Conversation Starters: Case Studies for Curricular Reform

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In April, Dean Jeremy Paul of the Northeastern University School of Law and co-managing partner Alan Klinger of Stroock & Stroock & Lavan wrote for the New York Law Journal about legal curricular reform.  Paul and Klinger outline seven improvements to current legal training, and we at the Case Studies Program would like to offer our favorite teaching tools that address these needs:

  1. Strategic Thinking: This is what case studies were made for. Case studies that specifically consider strategic planning include Drafting an IP Strategy at MNC, Hong Kong Property Deal, Bingham McCutchen: Combinatorial Mathematics, and “To Hell with the Future, Let’s Get On with the Past”: George Mitchell in Northern Ireland.  
  2. Economics of the Profession: Compensation Systems in Professional Service Firms, From Stamford to New York, The Offer. See all Legal Profession and Management of Law Firms & Professional Services case studies.
  3. Teamwork and Project Management:  Tale of Three Asset Management Teams, Three Teams at Harris and Graves role play, and, the instructional note on How to Be a Good Team Member. See all Leadership and Team Dynamics case studies here.
  4. Multicultural Competence: Springfield Outfest, Seoul Food in Urbana, and Ellis Vs. MacroB. See also the cases on International and Comparative Law.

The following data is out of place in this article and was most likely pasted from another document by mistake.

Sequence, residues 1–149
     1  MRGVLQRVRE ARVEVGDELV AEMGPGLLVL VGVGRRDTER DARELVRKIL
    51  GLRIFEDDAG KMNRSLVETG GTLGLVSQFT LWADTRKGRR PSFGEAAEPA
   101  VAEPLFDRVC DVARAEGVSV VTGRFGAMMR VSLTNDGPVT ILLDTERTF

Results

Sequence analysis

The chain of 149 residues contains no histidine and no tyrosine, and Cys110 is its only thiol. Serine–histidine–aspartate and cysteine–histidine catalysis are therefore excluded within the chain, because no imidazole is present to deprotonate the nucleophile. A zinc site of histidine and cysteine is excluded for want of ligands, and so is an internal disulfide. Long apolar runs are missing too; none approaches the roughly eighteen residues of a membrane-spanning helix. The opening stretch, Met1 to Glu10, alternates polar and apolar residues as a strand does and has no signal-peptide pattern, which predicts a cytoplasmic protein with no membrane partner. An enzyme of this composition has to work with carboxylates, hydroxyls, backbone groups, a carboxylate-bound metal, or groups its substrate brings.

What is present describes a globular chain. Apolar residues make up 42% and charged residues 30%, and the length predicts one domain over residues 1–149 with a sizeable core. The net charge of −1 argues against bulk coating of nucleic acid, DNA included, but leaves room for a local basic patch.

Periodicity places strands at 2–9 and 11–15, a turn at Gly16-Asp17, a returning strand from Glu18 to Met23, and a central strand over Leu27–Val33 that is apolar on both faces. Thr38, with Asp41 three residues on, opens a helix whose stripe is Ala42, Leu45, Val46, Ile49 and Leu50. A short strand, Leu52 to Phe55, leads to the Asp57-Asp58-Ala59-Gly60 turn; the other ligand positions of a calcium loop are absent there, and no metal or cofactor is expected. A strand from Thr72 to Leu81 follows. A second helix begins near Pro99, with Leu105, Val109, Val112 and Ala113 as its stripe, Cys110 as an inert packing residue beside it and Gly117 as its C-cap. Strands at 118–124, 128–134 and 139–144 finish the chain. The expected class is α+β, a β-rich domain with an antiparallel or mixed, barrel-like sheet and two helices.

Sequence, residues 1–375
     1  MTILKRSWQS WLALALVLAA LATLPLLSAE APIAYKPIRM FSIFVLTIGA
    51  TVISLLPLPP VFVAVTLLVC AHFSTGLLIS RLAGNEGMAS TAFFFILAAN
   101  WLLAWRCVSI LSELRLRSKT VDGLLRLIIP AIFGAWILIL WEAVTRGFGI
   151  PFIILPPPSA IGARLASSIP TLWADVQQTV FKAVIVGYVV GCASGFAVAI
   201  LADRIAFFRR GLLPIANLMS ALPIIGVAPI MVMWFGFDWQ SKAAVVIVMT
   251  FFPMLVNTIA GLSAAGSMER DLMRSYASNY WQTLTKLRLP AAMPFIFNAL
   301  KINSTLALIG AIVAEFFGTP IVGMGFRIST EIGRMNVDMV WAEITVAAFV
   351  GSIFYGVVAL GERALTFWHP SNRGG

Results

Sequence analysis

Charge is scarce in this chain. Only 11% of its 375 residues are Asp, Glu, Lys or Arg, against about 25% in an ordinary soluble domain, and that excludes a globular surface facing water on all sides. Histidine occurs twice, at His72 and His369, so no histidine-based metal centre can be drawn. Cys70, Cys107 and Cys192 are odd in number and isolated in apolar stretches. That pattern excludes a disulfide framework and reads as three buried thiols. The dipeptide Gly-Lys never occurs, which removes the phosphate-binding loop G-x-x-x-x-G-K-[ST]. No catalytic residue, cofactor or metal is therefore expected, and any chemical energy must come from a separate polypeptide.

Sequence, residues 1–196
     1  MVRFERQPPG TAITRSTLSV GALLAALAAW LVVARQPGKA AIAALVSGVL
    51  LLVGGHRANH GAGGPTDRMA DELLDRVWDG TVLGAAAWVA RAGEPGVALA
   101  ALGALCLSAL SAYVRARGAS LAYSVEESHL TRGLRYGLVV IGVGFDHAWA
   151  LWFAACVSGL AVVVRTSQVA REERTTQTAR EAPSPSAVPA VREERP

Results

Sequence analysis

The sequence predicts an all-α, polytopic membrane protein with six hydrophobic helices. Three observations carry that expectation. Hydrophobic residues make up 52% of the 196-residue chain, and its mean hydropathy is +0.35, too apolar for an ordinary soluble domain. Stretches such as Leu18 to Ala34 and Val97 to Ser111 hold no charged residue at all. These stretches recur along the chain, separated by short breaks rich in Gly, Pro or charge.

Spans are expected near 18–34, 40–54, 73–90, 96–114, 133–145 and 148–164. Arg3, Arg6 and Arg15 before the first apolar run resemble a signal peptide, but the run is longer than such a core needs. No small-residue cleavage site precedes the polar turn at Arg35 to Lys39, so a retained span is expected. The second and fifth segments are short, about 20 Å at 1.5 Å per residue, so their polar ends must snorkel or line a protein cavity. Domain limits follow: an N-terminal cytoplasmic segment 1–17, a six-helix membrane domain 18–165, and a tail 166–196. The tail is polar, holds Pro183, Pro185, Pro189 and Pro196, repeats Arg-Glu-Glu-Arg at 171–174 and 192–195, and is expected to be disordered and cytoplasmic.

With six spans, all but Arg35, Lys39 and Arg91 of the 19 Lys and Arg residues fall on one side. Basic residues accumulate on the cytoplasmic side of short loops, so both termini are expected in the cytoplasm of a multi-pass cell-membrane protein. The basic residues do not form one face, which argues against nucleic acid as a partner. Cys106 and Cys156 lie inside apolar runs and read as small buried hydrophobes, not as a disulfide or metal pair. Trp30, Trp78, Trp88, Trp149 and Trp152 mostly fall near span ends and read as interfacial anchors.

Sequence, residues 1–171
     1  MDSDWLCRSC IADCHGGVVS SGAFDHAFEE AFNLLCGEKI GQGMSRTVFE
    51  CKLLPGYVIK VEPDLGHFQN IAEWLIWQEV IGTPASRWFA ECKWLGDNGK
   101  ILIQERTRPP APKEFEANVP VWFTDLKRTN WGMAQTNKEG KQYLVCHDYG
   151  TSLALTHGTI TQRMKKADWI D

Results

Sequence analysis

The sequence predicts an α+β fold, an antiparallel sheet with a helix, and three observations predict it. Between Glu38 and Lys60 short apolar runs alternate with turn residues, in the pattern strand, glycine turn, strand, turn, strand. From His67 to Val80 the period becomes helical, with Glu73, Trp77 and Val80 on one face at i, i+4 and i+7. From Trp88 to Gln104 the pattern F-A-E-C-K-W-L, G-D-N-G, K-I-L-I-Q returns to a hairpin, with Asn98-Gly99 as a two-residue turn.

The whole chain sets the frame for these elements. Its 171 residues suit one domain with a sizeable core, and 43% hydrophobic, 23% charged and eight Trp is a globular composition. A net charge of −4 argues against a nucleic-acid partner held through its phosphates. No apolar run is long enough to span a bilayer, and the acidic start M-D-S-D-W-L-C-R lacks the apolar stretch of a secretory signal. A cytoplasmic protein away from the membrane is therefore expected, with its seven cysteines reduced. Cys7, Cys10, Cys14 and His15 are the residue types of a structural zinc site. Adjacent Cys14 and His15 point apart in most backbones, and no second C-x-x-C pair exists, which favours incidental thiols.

5. (Learning New) Technology:  Paul and Klinger are referring to interactive websites, social media, databases, statistical analysis, and software. In that vein, The Offer is a negotiation taking place entirely over email.David Abrams incorporated audiovisual defenses for participants when teaching The Case of the Federal Defender’s Advice. Participants can learn about the legal repercussions of phone technology with Game Changers: Mobile Gaming Apps and Data Privacy. Also see our Intellectual Property and Internet Law cases.
  6. Capacity to Succeed in Multiple Fora (in other words, interacting with different audiences): Lawyers have to communicate about the law to a wide variety of audiences. In the Problem Solving Workshop, students learn this skill by presenting and interacting (via role plays) with clients and superiors in large and small law firms, government officials and regulators, opposing corporate counsel, and plaintiffs and defendants in criminal prosecutions. The 2013 PSW at Harvard Law School included Balloon Boy, Commissioner’s Choice, The Case of the Landlord’s Dilemma, The Case of the Medical Stent, The Case of the Lead Toys, and The Case of the Encumbered Employee.
  7. Ethics: Reputation, Credibility, and the Goldstone Report, Hewlett Packard and Mark Hurd, In a Pickle: Barclays Capital and the Sale of Del Monte Foods, El Paso’s Sale to Kinder Morgan, The Case of the Rent-Paying Tenant.

Is there a case study, role play, or simulation that  you are looking for? Does it address one of Paul and Klinger’s seven improvements for legal education? Let us know!